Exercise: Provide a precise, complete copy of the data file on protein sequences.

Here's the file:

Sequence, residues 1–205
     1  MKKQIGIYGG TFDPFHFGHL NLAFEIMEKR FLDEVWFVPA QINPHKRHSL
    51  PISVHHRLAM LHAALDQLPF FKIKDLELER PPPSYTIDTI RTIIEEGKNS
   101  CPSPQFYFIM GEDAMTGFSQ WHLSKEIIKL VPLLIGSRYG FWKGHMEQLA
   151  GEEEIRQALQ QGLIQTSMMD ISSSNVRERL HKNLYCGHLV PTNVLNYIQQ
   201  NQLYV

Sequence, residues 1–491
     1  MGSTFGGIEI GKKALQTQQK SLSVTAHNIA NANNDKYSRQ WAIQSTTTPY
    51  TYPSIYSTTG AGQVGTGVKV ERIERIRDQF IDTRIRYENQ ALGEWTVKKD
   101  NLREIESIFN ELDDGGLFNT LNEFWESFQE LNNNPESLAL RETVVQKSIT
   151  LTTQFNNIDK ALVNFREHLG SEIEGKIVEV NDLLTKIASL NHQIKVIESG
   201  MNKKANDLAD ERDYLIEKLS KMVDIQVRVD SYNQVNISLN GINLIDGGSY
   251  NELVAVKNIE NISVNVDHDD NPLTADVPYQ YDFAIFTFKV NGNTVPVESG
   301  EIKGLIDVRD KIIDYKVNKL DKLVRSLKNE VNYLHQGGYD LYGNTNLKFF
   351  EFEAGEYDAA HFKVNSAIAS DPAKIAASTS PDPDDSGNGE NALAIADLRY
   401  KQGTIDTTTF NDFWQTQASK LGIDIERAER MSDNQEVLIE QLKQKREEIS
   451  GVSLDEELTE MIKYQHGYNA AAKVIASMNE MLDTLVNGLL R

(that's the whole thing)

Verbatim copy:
Sequence, residues 1–205
     1  MKKQIGIYGG TFDPFHFGHL NLAFEIMEKR FLDEVWFVPA QINPHKRHSL
    51  PISVHHRLAM LHAALDQLPF FKIKDLELER PPPSYTIDTI RTIIEEGKNS
   101  CPSPQFYFIM GEDAMTGFSQ WHLSKEIIKL VPLLIGSRYG FWKGHMEQLA
   151  GEEEIRQALQ QGLIQTSMMD ISSSNVRERL HKNLYCGHLV PTNVLNYIQQ
   201  NQLYV

Sequence, residues 1–491
     1  MGSTFGGIEI GKKALQTQQK SLSVTAHNIA NANNDKYSRQ WAIQSTTTPY
    51  TYPSIYSTTG AGQVGTGVKV ERIERIRDQF IDTRIRYENQ ALGEWTVKKD
   101  NLREIESIFN ELDDGGLFNT LNEFWESFQE LNNNPESLAL RETVVQKSIT
   151  LTTQFNNIDK ALVNFREHLG SEIEGKIVEV NDLLTKIASL NHQIKVIESG
   201  MNKKANDLAD ERDYLIEKLS KMVDIQVRVD SYNQVNISLN GINLIDGGSY
   251  NELVAVKNIE NISVNVDHDD NPLTADVPYQ YDFAIFTFKV NGNTVPVESG
   301  EIKGLIDVRD KIIDYKVNKL DKLVRSLKNE VNYLHQGGYD LYGNTNLKFF
   351  EFEAGEYDAA HFKVNSAIAS DPAKIAASTS PDPDDSGNGE NALAIADLRY
   401  KQGTIDTTTF NDFWQTQASK LGIDIERAER MSDNQEVLIE QLKQKREEIS
   451  GVSLDEELTE MIKYQHGYNA AAKVIASMNE MLDTLVNGLL R